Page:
Created by famed children's book writer/illustrator Peter Newell, The Naps of Polly Sleepyhead was like a cross between Dreams of the Rarebit Fiend and The Secret Life of Walter Mitty, but with a young girl for a protagonist. Possessed of a much gentler humor than either of the two titles with which I've drawn comparison, Polly is a simple girl with what appears to be a severe case of narcolepsy. She falls asleep instantly and deeply within a matter of seconds, while performing all manner of tasks. The particulars of what she's doing at the time inform the nature of her dreams, which are disconcerting and occasionally frightening.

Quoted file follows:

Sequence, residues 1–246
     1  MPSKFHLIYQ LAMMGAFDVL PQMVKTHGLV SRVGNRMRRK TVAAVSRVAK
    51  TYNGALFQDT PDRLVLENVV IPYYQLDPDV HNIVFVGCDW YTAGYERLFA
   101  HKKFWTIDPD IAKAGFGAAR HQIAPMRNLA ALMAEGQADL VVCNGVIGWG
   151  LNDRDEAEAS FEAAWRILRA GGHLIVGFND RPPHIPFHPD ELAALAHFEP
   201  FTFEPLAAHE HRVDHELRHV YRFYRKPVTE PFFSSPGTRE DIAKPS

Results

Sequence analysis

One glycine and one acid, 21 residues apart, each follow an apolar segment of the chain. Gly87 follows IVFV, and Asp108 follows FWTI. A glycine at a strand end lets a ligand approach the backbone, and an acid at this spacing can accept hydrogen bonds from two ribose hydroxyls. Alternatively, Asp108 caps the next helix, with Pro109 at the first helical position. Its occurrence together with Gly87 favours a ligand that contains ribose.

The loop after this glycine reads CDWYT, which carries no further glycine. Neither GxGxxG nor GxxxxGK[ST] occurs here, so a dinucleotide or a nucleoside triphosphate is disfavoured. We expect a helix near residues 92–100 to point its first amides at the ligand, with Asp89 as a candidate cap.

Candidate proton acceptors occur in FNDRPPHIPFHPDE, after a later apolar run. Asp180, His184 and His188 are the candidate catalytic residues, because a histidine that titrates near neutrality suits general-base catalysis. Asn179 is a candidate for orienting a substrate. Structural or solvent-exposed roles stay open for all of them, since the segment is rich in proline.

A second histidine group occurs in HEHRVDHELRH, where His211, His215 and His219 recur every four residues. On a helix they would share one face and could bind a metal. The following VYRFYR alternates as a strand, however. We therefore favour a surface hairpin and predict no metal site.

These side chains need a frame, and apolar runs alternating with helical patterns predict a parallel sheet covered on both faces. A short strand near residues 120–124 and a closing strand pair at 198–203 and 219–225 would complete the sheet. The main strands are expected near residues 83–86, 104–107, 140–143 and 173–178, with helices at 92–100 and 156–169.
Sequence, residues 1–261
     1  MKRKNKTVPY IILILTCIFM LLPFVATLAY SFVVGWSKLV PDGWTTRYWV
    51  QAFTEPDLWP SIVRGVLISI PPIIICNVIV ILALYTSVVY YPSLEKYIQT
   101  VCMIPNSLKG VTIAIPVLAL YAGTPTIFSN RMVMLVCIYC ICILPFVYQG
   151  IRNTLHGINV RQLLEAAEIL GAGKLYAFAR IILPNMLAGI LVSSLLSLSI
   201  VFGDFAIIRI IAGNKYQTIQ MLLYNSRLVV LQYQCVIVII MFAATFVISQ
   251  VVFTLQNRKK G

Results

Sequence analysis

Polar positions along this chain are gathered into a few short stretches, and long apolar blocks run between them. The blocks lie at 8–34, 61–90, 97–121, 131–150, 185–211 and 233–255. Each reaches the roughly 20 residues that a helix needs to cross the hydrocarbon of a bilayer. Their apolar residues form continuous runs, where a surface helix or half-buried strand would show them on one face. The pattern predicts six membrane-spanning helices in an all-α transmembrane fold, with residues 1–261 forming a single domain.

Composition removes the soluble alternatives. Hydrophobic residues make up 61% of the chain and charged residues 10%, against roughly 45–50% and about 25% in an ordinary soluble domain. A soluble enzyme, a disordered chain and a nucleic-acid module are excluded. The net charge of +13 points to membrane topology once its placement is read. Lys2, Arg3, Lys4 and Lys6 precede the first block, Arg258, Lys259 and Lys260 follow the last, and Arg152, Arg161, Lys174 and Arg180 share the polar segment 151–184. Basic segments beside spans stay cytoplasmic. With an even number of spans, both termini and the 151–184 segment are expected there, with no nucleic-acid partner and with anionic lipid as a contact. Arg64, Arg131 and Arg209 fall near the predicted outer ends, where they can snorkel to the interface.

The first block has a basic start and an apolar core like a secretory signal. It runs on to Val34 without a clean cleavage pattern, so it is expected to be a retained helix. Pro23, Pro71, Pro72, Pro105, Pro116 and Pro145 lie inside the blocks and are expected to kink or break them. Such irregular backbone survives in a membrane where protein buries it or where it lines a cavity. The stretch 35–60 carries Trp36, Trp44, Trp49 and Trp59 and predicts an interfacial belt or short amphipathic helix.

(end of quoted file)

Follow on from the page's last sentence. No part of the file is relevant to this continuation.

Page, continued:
At the end of 1906, the "Naps" portion was taken out of the concept and the title, and Polly Sleepyhead became a much more run-of-the-mill mischievous child. Several months thereafter, the strip disappeared altogether. It was for the best, however, as Newell went on to create wonderfully inventive children's books, such as Topsys & Turvys, The Hole Book, and The Slant Book, many of which are still in print one hundred years later, delighting the great-grandchildren of the kids who first enjoyed Polly Sleepyhead in their Sunday funnies.
By Peter Newell